February 27 is a very special day for the Jacksonville Symphony. We will celebrate our orchestra with a gala concert featuring the international virtuoso violinist Joshua Bell performing Tchaikovsky’s radiant violin concerto.
Joshua Bell was born in Indiana and began playing the violin at the age of four. His talent was so remarkable that he made his debut performing with Riccardo Muti and the Philadelphia Orchestra only ten years later. He has performed with the world’s greatest orchestras ever since, and has recently become the music director of London’s famous chamber orchestra, the Academy of St. Martin in the Fields. Now it’s our pleasure to welcome him to Jacksonville.
I’ve known Mr. Bell for a few years; he’s a frequent performer with the New York Philharmonic, and even sits on the orchestra Board. I’ve admired his playing for much longer, particularly his sound, which is golden and direct. He plays the ‘Huberman’ Stradivarius, built in 1713. Hearing a Stradivarius performed by a great soloist in person is always thrilling. I remember the first time I accompanied a violinist playing one: the sound was so enormous I left the stage with my ears ringing.
The Tchaikovsky violin concerto is at the centre of every violinist’s repertoire. Full of unforgettable melodies and opportunities to demonstrate virtuosity, it’s a work that has been beloved by every generation since its premiere, with the notable exception of that of the Viennese Establishment in the 1870s. Indeed, the infamously conservative Viennese critic Eduard Hanslick had this to say of it: ‘For a while, it moves along well enough, musical and not lacking in spirit, but soon roughness gets the upper hand and remains in charge until the end of the first movement. It is no longer a question of whether the violin is being played, but of being yanked about and torn to tatters.’ Over 130 years later, the conservatism of these comments seems almost quaint, but Hanslick gives us a very interesting insight into how contemporary Europeans viewed Tchaikovsky. A little more spleen: ‘The adagio, with its gentle Slav melancholy, is well on the way to reconciling us and winning us over. But it ends abruptly, making way for a finale that transports us into the brutish, grim jollity of a Russian church festival. In our mind’s eye we see nothing but common, ravaged faces, hear rough oaths, and smell cheap liquor.’
Far from being the household name to whom orchestras turn to guarantee an enthusiastic public, the Tchaikovsky of 1870s’ Vienna was exotic and unorthodox. As far as the cultural world of the Imperial Austro-Hungarian Empire was concerned, he was an outsider, and as such it was permissible to speak dismissively of his music. Realizing this, I couldn’t help programming the violin concerto alongside a piece written in reaction against Russia as the imperial power. Jean Sibelius’s Karelia Suite was written as incidental music to a play staged in Helsinki in 1893. The Karelia region of what is now eastern Finland had been subjected to a process of ‘Russification’ whereby Imperial Russia sought to stamp out the rising tide of Finnish nationalism by imposing Russian culture. The people of Karelia resisted and were seen as national heros. Sibelius’s music would become incredibly important during Finland’s struggle for independence.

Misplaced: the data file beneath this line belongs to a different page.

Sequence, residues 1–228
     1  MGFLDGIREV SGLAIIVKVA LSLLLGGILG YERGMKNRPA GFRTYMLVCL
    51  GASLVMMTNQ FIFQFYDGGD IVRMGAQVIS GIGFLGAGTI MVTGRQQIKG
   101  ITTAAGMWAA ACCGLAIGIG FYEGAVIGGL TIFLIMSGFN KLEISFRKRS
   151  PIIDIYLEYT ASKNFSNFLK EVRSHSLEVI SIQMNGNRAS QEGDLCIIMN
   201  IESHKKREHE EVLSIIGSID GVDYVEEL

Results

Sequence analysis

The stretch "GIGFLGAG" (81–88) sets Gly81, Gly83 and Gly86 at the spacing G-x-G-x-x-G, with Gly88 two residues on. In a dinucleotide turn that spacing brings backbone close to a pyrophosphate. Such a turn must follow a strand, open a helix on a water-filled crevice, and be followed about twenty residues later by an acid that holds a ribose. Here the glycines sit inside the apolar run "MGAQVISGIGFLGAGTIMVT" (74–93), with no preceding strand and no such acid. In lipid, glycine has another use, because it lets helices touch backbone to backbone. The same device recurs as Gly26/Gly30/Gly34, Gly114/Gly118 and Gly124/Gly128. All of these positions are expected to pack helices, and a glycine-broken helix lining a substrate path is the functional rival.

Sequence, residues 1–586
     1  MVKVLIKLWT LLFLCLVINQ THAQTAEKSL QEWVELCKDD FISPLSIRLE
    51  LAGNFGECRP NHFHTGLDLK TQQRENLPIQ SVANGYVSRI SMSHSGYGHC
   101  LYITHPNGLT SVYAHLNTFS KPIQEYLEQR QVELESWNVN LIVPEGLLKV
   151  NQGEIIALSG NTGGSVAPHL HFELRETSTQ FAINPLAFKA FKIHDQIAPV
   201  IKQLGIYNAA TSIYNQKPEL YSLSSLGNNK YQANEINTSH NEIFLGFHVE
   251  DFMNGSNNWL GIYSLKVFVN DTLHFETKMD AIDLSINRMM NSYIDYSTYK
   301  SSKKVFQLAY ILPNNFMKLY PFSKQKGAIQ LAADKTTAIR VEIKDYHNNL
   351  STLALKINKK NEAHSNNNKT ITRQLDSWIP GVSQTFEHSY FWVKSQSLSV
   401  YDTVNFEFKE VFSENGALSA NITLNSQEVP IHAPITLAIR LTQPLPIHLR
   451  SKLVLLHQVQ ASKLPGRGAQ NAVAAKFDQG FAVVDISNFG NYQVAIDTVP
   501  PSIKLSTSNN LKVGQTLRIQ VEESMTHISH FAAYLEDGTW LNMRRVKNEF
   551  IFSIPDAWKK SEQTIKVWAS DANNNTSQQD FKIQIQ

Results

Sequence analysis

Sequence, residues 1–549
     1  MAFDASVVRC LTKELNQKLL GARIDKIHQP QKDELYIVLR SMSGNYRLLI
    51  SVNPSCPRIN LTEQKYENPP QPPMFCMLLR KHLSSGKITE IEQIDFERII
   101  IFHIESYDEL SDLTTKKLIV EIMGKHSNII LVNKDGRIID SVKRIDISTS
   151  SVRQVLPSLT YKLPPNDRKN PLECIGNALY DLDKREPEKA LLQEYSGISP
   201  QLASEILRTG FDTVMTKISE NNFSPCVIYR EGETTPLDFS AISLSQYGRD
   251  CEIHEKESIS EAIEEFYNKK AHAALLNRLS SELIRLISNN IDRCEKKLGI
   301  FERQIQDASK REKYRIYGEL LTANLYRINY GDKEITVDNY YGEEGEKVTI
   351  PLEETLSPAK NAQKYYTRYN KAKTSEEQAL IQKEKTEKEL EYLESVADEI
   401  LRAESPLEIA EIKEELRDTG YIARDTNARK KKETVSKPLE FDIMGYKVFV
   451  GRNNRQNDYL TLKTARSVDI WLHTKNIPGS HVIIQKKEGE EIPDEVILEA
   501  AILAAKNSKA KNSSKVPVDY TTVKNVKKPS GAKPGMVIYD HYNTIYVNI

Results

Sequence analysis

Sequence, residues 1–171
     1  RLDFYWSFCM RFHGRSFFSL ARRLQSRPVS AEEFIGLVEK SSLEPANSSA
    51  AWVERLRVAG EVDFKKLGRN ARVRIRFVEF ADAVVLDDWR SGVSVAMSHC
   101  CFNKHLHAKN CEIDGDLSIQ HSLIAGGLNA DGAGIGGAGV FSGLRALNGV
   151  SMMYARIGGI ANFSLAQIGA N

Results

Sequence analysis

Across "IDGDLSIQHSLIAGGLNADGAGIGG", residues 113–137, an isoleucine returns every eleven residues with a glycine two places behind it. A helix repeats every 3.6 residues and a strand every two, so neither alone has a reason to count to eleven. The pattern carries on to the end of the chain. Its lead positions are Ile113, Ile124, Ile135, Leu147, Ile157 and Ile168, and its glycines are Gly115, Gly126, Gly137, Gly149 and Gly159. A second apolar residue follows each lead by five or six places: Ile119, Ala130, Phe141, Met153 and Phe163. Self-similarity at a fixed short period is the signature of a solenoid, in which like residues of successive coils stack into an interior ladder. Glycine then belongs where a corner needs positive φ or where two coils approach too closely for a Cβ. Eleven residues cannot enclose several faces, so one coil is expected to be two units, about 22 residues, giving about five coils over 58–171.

Our gala concert begins with music by another Finn, this time one still very much alive. Esa-Pekka Salonen is equally celebrated as a composer and conductor. You might know him from a recent spate of Apple commercials in which we see him composing on his iPad in a taxi. Salonen’s electrifying overture Helix begins quietly but gets louder and faster for its entire nine minutes. It moves from an idyllic mood towards a feeling of utter mania. What better way to set the stage for a thrilling evening.
Whether one sees Imperial Russia as an exotic outsider or a despotic tyrant, she is undeniably alluring, especially as the theme for our gala. After the concert we invite you to join us for a dinner of blinis, borscht and vodka in a luxurious crystal palace. Costumes are encouraged.
The Jacksonville Symphony is lucky to perform with many of the world’s great artists, but it’s only occasionally that we present the debut of an international superstar. I hope you’ll join me on February 27 for the 2016 Jacksonville Symphony Gala Russkaya Noch. It will be a winter night to remember!